Beyond building little readers, the Souns program helps Rotarians by exposing them to the surprising readiness of young minds. Children want to read more than we want them to acquire these basic skills. As projects go, the Souns program is:
- Simple to implement
- Cost effective,
- Measurable in its results
Through the Souns early literacy program, early childhood educators and parents acquire tools to help children build early literacy skill by introducing a concrete letter in association with its most common sound in the child’s language. The child first learns the individual letter sounds, then how to build words by listening to spoken sounds, and finally to read words by sounding out the letters.
While Souns is easy to implement, does not require extensive training, and utilizes durable materials, sustainability has been the key to progress. From observations – seeing a child delight in sharing their first written “story” or gleeful about sounding out their first sentence at age 5 – is the greatest assurance of sustainability. A teacher who feels empowered in his or her teaching is going to want to continue the successful method. We even hear anecdotes of teachers taking the Souns materials with them when they leave one school to go to another. Preschools with a long history of using Souns have assimilated the program so well that their experienced teachers train new teachers. Ultimately, success in the classroom – building little readers – is the greatest assurance of sustainability.
An evaluation of over 6000 preschool students using Souns in the United States and Puerto Rico found that 96.5% met or exceeded expectations in letter-sound knowledge and only 3.5% were below expectations.Souns taught in schools in Pretoria, South Africa.
What is happening now with Souns? My club and clubs in my district have joined other clubs in the USA and international clubs to expand the reach of Souns, sometimes getting together as Rotarians to review and/or train…building Rotarians as well as little readers. Global grants such as the project in South Africa reaching township children have escalated into additional Rotary Global Grants. Since Souns is not language-specific, Peace Corps in South Africa has embraced Souns to help their education volunteers bridge language barriers. Interestingly, most letters have the same sound across languages. Souns is in many Head Start programs across the U.S., from Colorado, Connecticut, Georgia, to Texas. Head Start is well established and is the greatest access point to disadvantaged children in the United States.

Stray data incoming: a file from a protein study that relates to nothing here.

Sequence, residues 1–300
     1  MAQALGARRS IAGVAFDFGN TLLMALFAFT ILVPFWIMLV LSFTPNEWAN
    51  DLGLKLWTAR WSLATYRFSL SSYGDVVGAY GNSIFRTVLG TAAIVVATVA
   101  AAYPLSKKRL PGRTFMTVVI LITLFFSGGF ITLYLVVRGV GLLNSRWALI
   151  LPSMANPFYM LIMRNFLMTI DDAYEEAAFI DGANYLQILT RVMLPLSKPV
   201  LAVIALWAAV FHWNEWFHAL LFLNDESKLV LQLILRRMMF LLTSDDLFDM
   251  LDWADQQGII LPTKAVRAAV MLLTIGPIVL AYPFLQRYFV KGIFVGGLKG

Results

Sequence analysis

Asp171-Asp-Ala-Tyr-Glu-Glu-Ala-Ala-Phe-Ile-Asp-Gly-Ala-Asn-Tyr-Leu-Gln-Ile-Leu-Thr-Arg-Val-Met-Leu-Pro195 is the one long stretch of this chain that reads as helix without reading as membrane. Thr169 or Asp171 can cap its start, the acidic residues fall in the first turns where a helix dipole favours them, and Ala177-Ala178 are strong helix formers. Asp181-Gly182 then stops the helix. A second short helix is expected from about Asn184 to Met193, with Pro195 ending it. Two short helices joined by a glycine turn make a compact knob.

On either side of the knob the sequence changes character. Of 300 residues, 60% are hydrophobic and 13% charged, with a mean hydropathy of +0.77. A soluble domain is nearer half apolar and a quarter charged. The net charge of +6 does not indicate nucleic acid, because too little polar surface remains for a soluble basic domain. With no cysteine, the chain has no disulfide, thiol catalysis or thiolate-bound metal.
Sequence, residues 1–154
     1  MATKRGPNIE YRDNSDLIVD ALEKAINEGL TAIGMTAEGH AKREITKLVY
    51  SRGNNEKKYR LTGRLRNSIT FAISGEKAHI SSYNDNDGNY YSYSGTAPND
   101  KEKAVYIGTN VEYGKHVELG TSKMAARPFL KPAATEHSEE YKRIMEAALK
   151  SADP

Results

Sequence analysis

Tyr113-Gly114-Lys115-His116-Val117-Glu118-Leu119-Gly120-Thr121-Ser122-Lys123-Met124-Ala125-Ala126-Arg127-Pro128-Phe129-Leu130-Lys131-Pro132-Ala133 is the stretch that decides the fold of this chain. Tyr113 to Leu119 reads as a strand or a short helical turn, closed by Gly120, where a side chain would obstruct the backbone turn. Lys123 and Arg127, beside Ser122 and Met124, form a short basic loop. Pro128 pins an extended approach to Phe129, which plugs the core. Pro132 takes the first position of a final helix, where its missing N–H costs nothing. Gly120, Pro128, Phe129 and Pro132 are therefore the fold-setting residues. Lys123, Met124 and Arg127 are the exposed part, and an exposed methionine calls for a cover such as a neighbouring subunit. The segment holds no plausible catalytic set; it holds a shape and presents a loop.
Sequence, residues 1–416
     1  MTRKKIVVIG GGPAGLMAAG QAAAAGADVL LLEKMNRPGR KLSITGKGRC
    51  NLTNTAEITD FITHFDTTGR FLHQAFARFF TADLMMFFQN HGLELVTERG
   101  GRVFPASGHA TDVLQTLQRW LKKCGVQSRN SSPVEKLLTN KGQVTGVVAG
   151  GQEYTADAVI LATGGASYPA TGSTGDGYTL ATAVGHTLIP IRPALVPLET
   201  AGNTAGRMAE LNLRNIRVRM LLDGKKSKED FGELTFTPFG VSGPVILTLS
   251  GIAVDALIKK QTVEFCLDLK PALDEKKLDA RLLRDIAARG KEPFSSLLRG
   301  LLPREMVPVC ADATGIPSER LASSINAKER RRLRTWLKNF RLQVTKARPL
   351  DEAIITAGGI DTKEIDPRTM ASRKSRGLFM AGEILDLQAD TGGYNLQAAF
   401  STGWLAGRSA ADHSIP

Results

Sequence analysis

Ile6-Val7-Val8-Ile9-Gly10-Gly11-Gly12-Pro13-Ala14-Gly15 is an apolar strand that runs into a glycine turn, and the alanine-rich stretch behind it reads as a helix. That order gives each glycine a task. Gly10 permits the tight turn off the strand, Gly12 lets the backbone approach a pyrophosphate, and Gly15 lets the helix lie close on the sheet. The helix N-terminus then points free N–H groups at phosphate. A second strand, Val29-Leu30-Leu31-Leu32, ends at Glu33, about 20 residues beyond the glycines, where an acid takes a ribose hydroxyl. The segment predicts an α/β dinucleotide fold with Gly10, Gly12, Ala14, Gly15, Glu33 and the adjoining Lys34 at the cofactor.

Where is Souns going next? Namibia, Guatemala, Haiti, and India, with escalating projects in South Africa and Puerto Rico. A Peace Corps volunteer is seeking Rotarian help to bring Souns to Namibia. Souns left the Rotary Convention in Atlanta in the hands of a Rotarian going to Guatemala. Those involved with a project in Haiti want to add Souns to their program, and India is having Souns introduced by Rotarians from Colorado. Puerto Rico has just had a grant approved that will reach 815 classrooms.
Growth means more volunteer trainers are needed. There are no special qualifications to being a Souns trainer, except a willingness to learn. If you are interested in becoming a volunteer Souns trainer, please let me know. It is a hands-on experience that keeps on giving.
~Brenda Erickson, Rotary Club of Peachtree City, Georgia, USA, and Montessori school teacher
Reprinted with permission of The Rotarian, September 2017.
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